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Suicide means not only a tragic loss of a life, but also great sadness and soul-searching by the family and friends and community of the person who has died. Over 3,300 Australians died by suicide in 2019 (AIHW, 2020). For every person who dies this way, it is estimated at least 20 more attempt suicide (ABS, 2009).
Death by suicide is highest for men aged 45-49 or 80-84 (AIHW, 2020). Men make up around three quarters of deaths by suicide, although attempted suicide is more common in women than men (AIHW, 2020).
Around 20% of Australians are affected by some form of mental health issue every year, yet many do not receive the treatment and support they need (ABS, 2008). The suicide rate among people with a mental health issue is at least seven times higher than the general population. It is one of the main causes of premature death in this group.
Many people who die by suicide have experienced a mental health issue. Often people who are considering suicide are dealing with a combination of mental ill-health and difficult life events. But with effective treatment, social support and time, many who have tried to end their life, or considered ending their life, can go on to live full and meaningful lives.
For people with a mental health issue, the distress caused by their experiences can be so great they may feel an overwhelming desire to end their life. People recently discharged from psychiatric care are at higher risk of suicide. Knowing someone who has recently died by suicide may also increase risk.
Suicide can also be related to distressing life events such as unemployment, relationship breakdown, being in debt or social isolation. Sometimes people feel like they are a burden to others and that loved ones would be better off without them. A suicide attempt may be an early sign of a mental health issue developing, so it is important to get help from a doctor. For someone with a mental health issue, the following may contribute to the risk of suicide:
Many people who attempt suicide have experienced major depression or bipolar disorder, and may experience very negative or self-critical thinking and periods of very low mood.
Some may attempt suicide because they are confused and distressed by hallucinations or delusions, or to bring ‘relief’ from untreated symptoms of psychosis.
People with BPD may harm themselves or behave in a suicidal way. Some find self-harm helps them cope temporarily with intense, negative emotions.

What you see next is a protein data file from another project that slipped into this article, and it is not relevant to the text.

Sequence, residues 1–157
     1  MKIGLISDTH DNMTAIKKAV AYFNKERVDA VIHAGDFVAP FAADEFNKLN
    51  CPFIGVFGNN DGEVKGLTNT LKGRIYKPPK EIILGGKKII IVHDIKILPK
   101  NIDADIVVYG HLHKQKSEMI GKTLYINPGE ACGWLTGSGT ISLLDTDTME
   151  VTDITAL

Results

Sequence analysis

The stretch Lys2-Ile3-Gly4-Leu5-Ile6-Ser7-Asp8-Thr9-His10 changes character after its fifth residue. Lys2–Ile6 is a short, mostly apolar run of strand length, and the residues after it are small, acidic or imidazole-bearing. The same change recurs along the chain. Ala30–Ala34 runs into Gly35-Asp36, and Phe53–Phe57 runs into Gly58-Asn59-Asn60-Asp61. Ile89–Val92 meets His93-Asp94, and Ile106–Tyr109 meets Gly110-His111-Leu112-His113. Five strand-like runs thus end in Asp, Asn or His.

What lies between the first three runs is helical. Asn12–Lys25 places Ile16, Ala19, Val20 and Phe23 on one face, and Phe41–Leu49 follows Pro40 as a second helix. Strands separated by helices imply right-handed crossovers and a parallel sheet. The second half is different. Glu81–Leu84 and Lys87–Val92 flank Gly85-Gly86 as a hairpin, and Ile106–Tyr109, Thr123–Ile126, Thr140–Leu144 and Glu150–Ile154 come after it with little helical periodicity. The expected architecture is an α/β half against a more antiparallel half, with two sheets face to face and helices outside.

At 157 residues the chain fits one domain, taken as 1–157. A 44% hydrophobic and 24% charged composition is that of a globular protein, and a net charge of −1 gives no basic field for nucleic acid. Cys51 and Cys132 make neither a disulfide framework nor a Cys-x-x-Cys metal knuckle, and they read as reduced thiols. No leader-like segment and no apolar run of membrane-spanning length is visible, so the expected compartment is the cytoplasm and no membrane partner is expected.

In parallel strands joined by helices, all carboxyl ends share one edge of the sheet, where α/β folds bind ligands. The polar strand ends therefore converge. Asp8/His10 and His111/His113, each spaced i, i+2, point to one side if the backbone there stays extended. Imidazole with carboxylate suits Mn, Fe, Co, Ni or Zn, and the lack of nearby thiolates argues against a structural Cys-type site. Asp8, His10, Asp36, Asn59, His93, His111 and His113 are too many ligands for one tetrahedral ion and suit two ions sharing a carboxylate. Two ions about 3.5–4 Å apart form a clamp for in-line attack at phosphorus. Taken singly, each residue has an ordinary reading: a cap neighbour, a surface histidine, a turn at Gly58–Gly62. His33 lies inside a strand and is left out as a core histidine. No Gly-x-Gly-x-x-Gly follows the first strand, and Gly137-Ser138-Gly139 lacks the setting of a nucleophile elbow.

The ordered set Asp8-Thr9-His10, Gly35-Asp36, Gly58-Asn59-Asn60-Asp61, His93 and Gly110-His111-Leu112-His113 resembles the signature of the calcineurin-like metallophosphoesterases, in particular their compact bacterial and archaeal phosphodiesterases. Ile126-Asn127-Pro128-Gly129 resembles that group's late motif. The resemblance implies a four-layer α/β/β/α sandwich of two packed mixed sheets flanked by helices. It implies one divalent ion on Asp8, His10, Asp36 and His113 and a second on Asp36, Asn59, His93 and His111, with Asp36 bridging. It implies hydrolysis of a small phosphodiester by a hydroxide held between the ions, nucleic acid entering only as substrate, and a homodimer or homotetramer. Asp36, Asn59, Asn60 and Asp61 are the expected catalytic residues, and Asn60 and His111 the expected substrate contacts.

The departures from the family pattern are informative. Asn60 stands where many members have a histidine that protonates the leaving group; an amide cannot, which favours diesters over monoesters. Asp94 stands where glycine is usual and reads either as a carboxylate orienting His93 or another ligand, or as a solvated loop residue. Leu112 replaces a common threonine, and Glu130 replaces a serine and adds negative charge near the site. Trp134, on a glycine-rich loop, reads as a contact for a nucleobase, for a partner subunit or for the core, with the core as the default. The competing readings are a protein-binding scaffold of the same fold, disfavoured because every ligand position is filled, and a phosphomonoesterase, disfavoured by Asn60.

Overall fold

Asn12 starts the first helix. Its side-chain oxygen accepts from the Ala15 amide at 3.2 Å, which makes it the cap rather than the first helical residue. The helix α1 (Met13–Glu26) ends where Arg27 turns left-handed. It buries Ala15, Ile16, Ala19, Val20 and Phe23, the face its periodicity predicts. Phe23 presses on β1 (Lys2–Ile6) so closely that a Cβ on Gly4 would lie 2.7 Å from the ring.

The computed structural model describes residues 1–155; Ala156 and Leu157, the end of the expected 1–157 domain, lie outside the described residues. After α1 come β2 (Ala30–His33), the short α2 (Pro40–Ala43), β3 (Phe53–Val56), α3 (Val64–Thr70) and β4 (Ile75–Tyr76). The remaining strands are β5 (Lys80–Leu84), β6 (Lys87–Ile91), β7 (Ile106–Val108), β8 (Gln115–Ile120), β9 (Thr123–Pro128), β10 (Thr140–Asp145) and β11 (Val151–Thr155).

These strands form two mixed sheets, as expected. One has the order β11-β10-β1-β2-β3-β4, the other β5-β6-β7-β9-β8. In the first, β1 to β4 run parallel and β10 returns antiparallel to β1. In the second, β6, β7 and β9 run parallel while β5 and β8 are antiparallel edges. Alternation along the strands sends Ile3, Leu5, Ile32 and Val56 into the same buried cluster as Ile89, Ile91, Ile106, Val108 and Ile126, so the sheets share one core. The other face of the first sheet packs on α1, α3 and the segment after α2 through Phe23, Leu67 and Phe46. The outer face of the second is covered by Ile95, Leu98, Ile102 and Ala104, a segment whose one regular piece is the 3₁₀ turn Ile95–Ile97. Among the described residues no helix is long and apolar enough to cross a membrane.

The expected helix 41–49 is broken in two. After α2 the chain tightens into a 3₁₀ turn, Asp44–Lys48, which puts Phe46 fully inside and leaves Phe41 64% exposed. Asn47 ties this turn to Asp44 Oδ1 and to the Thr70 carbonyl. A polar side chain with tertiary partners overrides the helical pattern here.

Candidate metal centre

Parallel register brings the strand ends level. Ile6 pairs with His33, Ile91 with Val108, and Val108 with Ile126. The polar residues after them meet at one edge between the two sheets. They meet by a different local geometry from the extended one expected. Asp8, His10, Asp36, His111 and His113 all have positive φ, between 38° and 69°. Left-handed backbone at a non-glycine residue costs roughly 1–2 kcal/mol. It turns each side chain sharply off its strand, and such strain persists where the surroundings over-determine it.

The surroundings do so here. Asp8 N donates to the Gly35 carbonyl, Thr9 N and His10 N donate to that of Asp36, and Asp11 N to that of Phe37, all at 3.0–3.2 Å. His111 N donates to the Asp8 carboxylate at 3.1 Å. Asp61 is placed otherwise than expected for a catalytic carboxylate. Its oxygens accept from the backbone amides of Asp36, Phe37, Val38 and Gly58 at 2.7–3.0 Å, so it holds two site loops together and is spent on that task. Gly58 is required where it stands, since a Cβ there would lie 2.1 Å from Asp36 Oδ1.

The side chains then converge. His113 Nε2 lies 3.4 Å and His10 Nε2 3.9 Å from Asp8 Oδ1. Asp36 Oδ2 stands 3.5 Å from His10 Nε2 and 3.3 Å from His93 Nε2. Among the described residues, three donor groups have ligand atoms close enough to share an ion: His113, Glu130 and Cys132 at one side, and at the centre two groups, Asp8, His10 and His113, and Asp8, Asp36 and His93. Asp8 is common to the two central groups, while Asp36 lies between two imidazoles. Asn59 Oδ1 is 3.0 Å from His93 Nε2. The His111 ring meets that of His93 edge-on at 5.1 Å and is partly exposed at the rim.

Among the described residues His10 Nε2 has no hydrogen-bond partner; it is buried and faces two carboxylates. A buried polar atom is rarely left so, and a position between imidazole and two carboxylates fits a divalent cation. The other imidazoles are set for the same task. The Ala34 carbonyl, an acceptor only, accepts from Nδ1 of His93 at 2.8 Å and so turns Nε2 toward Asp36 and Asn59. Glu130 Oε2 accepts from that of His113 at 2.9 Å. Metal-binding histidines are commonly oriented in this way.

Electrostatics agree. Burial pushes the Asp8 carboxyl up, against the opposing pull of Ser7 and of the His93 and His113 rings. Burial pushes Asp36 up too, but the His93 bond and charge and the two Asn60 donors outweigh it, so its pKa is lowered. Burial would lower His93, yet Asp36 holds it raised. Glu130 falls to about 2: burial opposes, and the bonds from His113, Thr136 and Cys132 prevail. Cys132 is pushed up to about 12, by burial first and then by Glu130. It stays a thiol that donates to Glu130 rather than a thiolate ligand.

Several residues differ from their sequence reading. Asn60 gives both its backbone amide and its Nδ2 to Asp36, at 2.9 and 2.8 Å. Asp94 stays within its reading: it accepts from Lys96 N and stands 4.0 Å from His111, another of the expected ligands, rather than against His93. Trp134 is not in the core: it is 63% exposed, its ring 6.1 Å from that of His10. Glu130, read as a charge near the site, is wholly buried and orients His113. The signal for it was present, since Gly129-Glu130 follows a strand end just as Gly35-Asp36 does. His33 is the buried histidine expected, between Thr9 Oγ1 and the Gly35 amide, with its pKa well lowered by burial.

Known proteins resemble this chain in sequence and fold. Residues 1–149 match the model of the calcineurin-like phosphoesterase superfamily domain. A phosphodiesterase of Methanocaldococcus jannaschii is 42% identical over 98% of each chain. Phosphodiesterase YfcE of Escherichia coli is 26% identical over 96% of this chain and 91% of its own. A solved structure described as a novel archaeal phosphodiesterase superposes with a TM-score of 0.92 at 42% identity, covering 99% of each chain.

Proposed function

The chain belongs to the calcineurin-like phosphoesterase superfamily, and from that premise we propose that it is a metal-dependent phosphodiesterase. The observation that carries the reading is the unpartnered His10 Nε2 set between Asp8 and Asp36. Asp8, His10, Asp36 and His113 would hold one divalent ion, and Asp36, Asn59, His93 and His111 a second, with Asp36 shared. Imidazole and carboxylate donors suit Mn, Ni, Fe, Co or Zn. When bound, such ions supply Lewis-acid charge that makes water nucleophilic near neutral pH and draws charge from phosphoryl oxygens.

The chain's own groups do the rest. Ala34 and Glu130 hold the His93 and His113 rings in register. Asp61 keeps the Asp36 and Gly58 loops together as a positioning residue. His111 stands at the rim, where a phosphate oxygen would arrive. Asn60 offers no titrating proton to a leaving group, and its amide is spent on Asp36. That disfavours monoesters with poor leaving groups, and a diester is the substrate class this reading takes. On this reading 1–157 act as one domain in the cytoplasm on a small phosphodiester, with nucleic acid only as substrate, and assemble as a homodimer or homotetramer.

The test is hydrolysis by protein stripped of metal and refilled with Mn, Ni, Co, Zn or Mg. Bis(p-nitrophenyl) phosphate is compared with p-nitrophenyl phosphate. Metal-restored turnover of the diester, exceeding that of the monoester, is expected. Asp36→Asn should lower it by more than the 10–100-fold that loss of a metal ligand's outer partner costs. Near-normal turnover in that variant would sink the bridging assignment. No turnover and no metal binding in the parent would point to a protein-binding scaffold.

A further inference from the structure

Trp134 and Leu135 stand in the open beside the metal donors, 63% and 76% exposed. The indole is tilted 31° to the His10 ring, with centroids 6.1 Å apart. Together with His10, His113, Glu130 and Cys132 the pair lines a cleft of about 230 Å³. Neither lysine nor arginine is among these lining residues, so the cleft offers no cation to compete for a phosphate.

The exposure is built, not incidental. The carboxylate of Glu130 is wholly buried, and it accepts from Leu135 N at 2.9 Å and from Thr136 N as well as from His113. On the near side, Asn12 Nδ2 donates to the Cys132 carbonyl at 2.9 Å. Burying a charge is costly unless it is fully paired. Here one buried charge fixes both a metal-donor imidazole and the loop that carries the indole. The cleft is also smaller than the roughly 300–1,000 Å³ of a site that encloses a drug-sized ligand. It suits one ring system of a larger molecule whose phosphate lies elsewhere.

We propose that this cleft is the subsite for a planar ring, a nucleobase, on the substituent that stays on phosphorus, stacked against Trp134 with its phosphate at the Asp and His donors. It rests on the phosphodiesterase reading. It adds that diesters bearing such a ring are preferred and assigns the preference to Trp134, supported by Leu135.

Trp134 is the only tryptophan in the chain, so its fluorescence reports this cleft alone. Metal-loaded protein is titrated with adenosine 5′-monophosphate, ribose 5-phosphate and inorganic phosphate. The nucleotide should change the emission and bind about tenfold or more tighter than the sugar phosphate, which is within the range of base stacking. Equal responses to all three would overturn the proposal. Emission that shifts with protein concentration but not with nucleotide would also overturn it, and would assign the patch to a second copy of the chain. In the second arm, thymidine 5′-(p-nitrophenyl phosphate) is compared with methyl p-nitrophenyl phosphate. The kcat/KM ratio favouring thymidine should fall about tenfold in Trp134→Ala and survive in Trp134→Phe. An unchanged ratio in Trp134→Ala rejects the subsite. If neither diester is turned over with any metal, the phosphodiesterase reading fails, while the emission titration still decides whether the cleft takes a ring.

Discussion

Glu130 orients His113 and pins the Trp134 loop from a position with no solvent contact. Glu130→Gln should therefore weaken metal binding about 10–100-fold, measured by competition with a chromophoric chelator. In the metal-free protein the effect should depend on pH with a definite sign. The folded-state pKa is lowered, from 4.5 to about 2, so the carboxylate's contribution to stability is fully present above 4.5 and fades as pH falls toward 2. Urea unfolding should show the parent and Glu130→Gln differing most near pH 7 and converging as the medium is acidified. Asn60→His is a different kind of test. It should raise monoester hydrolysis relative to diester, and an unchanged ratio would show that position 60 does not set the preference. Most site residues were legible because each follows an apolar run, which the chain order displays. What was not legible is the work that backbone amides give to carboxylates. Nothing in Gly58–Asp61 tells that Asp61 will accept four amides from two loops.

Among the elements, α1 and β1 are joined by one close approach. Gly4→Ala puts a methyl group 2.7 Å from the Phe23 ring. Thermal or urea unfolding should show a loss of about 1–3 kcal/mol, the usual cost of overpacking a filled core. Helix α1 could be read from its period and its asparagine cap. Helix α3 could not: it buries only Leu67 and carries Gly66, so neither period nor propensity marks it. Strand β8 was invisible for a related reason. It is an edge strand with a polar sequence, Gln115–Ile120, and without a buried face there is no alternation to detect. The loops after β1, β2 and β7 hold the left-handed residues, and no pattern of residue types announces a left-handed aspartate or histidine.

Harmful use of drugs (such as marijuana, heroin or amphetamines) and alcohol is closely related to suicidal behaviour.
Related: Cannabis & psychosis
Self-harm means any behaviour which involves the deliberate causing of pain or injury to oneself. Self-harm is usually a response to distress – often the distress associated with mental health issues or trauma. In the short-term, some people find that it provides temporary relief from the psychological distress they are experiencing. While people who self-harm do not necessarily mean to kill themselves, it often becomes a compulsive and dangerous activity, and requires careful professional help.
With support and time, many people who have experienced suicidal thoughts or actions come to see things differently and live full lives. Visit Better Off With you to find real stories of people who have tried or considered ending their lives, and how they found their way through.
Kids Helpline 1800 55 1800
Lifeline (24-hour crisis telephone counselling) 13 11 14
Suicide Callback Service 1300 659 467
Call 000 for urgent medical attention or police attendance
Contact SANE counselling support on 1800 187 263 or online, available Monday to Friday 10am-10pm AEST/AEDT.
AIHW National Mortality Database and ABS Causes of Death, Australia 2020 https://www.aihw.gov.au/suicide-self-harm-monitoring/data/deaths-by-suicide-in-australia/suicide-deaths-over-time
Australian Department of Health, The Mental Health of Australians 2: 8.1 Prevalence in the Australian population, May 2009 https://www.aihw.gov.au/suicide-self-harm-monitoring/data/deaths-by-suicide-in-australia/suicide-deaths-over-time
ABS (Australian Bureau of Statistics) 2008. National Survey of Mental Health and Wellbeing: summary of results, 2007. ABS cat. no. 4326.0. Canberra: ABS.